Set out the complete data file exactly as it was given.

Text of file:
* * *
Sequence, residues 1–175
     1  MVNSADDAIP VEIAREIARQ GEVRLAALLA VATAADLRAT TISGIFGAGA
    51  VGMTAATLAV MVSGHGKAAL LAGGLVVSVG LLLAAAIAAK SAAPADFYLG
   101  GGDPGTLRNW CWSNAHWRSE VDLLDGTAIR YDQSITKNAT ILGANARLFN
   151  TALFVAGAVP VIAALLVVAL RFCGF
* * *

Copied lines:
Sequence, residues 1–175
     1  MVNSADDAIP VEIAREIARQ GEVRLAALLA VATAADLRAT TISGIFGAGA
    51  VGMTAATLAV MVSGHGKAAL LAGGLVVSVG LLLAAAIAAK SAAPADFYLG
   101  GGDPGTLRNW CWSNAHWRSE VDLLDGTAIR YDQSITKNAT ILGANARLFN
   151  TALFVAGAVP VIAALLVVAL RFCGF